Experiencing Montana

It was spring when I met the man I am proud to call my husband. Our first ” Date ” ( not sure we actually called it that ) was a trip out to feed and sit over a bear bait in Idaho. We spent the evening laughing and joking. He taught me about lighting a fire with my flint and steel and we just simply enjoyed the outdoors together. It is a favorite memory of mine. Here is a picture of us being ” Quiet ” at the bait site.


Needless to say we hit it off. The year before we got married I was blessed with the opportunity to join him on his elk hunt in Montana. I drove over from Idaho and we headed up to his family cabin in the beautiful Montana mountains. I remember being so excited to get in on the experience and being nervous that I would slow him down in this steep country. We set out our numerous layers of hunting clothes the night before so they would be ready to pile on in the dark the next morning. I can’t remember what time the alarm went off but I know it was very early…way before daylight. We had to be up and dressed and out the door with lots of darkness left because it was a bit of a drive to where we parked and a long hike to where we wanted to be sitting when the sun rolled out of bed. Even though I was very excited it was hard to get up. I put on all those layers and remember feeling so overdressed…I knew once I was sitting still I would need them though. He got his gear ready and I grabbed mine, loaded the car and we were soon bumping along down the dirt road to the access point for the public land we would be hunting. I was mentally preparing myself for the hike I knew was coming. Finally we rounded the bend and saw the small grassy meadow we would be parking in. Once there we quietly prepared our packs and headlamps. I would be carrying the pack frame in the event he got his elk down on the first hunt. He had his pack with all our gear and the rifle he got from his Grandfather and had killed many elk with in past years. With a glance at each other we started off into the night our headlamps on red so as not to disturb our surroundings. Our trek started off with a creek crossing which was easy for my husband but proved challenging for me. Having tackled that obstacle we proceeded on, quickly coming to a steep hill. We started up knowing that this hill would seem to go on forever and would take up the majority of our trip to the ridge top. We would hike up grabbing handfuls of grass and brush to keep ourselves from sliding back down. It was difficult going as the darkness was thick and there was no trail to follow. We trudged until we were breathing heavy and then plopped down on the bank digging in our heels for support and looked out over the vast, empty, dark space that loomed out and under our feet. The quiet was peaceful…the stars were awe inspiring. Back up we jumped and trudged some more. We stopped a few times for these breaks until the brush and steepness leveled off onto a rolling, grassy, ridge top. It was still pitch black darkness and seems to be getting darker as clouds built up and covered the blanket of dancing stars. It smelled like rain. Suddenly as if from nowhere it was windy…powerful wind gusts tugged at our silhouettes pushing us along the ridge line. Then it started raining…raining a river…drenching us as we frantically dropped our packs and grabbed our heavy coats to try to keep ourselves dry. We managed to get them on but not until after we were very wet from the continuing downpour. We hoisted the packs back on and continued our march up to the vantage point. We hiked for a ways more and the rain quit, almost as fast as it began. We were wet…our already heavy clothes weighed down from the water soaking into them. Eventually we made it to the spot…the place we wanted to be sitting still and unnoticeable when the sun peaked its rosy face around the mountain and hopefully the elk peeked out of the timber too. We found a huge boulder and sat down behind it huddled together trying to get out of the wind. It was cold. We still had a long time to wait for that warm sun…I dozed off until the cold woke me again. It was still dark but this time I could see hints of grayish light above the mountains. The stars were back out but were dimmer now. We sat there together watching as the darkness turned into shadows, the shadows turned into dark silhouettes and finally we could see the canyons, draws and valleys stretch out below us. It was beautiful. We pulled out our binoculars and began scanning. We watched deer work their way along their regular morning trails from feeding grounds to bedding grounds. We saw some hunters pushing the brush through a draw and saw the deer they spooked out run to the next ridge over and disappear. We watched and watched. I got colder…eventually I had to stand up and walk around to try to get my circulation going. I could see the rays of sun glowing on the mountain range behind me and couldn’t wait to feel their warmth when they hit our ridge. It seemed like forever but finally I could see the magnificent warm rays heating my damp clothes and shivering skin. I began to feel warmer. We decided to hike along the ridges and over the edge of the hills to try to locate some elk. Walking felt awkward on my numb feet and legs, my steps were choppy and sluggish. After awhile it warmed me up and I enjoyed the fresh fall morning air with its smells and sounds filling me with energy and happiness. This is why I love hunting. These moments make it unforgettable. We plopped down on a steep hillside and watched some hunters shoot a bull on the mountainside across the valley from us. They were a long ways off but you could hear the shot and see the busyness of the hunters like ants on a cookie. It was exciting knowing that there were elk in the county at least. Perhaps we would run into that herd another day. It was quickly getting past those golden morning hours where seeing game is the most likely. We were still enjoying hiking around looking for sign but decided to turn around and head back toward the ridge we climbed up hours before. We dropped down on the other side of the ridge and were standing together discussing our plans when Tristan looked up and over my shoulder and froze. I knew what that look meant and instantly froze as well. He said, ” There are some elk, Cakes, don’t move. ” He carefully pulled up his rifle and rested it on my pack frame. I closed my ears and felt the jolt of the rifle as he dropped one of the 2 bulls that had wandered up behind us. I was facing the other direction and couldn’t see the elk or know if he had hit anything. He said he had hit it and I turned around just in time to see it fall not more than 100 yards from where we were, dead. I looked at him and suddenly it hit me! ” Congratulations babe!” I was just as excited as he was. We marveled at the fact that the elk never heard us making our plans and just walked up behind us. We took our pictures and spent some time admiring his beautiful antlers and gorgeous hide. Such majestic animals deserve reverence and respect.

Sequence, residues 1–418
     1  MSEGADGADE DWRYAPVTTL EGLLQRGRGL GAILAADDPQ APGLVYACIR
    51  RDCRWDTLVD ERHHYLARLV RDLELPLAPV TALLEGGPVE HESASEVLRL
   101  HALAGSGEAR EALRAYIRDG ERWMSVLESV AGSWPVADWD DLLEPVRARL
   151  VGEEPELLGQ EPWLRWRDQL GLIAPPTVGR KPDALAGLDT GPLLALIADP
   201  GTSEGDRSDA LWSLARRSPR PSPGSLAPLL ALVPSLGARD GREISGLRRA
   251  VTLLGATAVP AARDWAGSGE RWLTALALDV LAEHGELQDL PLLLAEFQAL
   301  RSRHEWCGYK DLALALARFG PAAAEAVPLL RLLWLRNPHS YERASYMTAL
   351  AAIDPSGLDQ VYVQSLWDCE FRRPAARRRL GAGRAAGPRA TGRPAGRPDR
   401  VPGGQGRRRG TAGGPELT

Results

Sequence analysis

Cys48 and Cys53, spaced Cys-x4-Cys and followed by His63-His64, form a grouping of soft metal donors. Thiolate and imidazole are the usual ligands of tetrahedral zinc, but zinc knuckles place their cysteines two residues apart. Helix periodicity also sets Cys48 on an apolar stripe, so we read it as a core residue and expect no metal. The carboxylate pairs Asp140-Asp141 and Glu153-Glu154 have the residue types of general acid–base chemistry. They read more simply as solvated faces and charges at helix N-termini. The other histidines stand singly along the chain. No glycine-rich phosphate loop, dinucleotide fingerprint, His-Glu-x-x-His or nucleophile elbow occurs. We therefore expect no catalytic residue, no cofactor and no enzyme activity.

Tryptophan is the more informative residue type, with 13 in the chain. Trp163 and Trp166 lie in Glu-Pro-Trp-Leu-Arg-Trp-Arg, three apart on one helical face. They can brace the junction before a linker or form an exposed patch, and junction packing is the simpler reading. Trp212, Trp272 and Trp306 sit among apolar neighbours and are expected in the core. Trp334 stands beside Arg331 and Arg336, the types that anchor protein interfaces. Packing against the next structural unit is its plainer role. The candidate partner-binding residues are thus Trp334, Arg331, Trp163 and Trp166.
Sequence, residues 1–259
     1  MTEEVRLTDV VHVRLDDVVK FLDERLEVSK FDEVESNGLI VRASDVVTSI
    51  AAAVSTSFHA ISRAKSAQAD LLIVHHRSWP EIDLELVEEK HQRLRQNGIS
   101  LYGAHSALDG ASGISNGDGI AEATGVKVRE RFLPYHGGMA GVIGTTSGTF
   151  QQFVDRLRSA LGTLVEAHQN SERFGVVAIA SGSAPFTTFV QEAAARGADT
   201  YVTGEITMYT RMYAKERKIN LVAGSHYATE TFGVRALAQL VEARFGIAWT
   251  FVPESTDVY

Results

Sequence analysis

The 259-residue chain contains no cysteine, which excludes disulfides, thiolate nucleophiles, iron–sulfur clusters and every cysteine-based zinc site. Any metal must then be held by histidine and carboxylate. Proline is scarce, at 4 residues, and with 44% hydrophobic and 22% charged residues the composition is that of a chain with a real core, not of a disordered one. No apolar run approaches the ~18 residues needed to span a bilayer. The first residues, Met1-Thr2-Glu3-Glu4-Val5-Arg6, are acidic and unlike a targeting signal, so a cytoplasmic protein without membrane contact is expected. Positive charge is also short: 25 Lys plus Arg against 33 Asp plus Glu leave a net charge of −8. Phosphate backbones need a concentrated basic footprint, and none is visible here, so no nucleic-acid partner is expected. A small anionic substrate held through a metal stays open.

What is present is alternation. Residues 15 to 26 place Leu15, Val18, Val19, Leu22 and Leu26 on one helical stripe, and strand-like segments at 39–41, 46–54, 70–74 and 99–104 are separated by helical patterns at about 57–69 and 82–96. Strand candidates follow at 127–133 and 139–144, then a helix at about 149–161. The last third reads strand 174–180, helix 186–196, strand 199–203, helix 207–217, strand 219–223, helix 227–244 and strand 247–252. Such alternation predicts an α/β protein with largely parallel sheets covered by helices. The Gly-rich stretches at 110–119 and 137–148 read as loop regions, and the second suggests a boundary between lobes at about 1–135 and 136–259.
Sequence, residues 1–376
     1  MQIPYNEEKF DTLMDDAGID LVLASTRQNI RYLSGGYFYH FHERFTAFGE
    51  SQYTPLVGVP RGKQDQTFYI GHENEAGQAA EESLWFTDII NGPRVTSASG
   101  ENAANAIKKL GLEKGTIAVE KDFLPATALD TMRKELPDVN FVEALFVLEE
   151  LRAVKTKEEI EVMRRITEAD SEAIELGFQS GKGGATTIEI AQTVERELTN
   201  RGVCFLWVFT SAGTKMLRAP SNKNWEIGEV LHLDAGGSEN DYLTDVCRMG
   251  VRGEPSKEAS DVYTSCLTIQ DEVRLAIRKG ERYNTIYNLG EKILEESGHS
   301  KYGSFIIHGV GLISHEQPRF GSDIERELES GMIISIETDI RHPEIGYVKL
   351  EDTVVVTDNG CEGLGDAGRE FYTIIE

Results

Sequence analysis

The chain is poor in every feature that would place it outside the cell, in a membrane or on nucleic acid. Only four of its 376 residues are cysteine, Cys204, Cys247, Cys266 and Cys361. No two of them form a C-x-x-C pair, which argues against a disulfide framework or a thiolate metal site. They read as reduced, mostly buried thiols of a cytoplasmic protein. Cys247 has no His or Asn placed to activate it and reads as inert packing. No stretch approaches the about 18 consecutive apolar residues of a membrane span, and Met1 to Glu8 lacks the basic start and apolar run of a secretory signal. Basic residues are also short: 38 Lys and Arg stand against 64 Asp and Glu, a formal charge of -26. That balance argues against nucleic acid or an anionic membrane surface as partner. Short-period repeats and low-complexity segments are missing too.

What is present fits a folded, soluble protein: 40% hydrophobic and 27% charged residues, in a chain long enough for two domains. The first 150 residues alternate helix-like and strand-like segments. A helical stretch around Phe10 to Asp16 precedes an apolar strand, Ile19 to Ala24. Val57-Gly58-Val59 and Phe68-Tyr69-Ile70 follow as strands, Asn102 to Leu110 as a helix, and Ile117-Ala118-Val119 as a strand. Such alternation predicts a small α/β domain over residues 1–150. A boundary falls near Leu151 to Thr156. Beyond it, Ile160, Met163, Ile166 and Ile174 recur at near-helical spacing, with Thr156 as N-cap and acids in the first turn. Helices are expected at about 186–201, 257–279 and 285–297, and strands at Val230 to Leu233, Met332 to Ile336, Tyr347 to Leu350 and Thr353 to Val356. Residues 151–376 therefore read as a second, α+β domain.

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Then the work began. It was close to midday and we had a lot of meat a long way from our car in steep mountain country. We skinned and deboned the elk and began packing the meat into game bags. We knew we could not take it all in one trip so we set out with half of it and knew we would be taking the hike again in a couple hours.

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Heavy packs make hiking down those steep hills very tough on your knees. It was slow going and we knew if we rushed we could end up hurt. At one point I pulled back on a large branch to break it out of our path and lost my balance falling onto my back…my pack was so heavy I could not roll over and was like a turtle on his shell helpless. I started laughing hysterically much to Tristan’s relief. He seemed to find it funny when he realized I wasn’t hurt and helped right me back on my feet. We made it to the truck and relieved our backs of the burdens. It felt wonderful. A friend came and took the meat we brought out to put on ice and get it cooled down. We drank some water and ate a granola bar to renew our energy, hoisted the packs back on and turned around to face once again the looming, massive hillside. This time it was light out which helped us pick the path of least resistance. It was still a couple hours before we had made it back to the remaining meat and antlers, packed them up and returned down the treacherous slopes to the meadow below. I don’t think I have ever been as hungry for dinner as I was that night. It was the most satisfying feeling to have worked so hard and have come off the mountain successful and enriched. The memories we made will last a lifetime. We bonded through teamwork, laughed through obstacles and found happiness in each others company surrounded by some of the greatest beauty known to man…the pristine Montana mountains.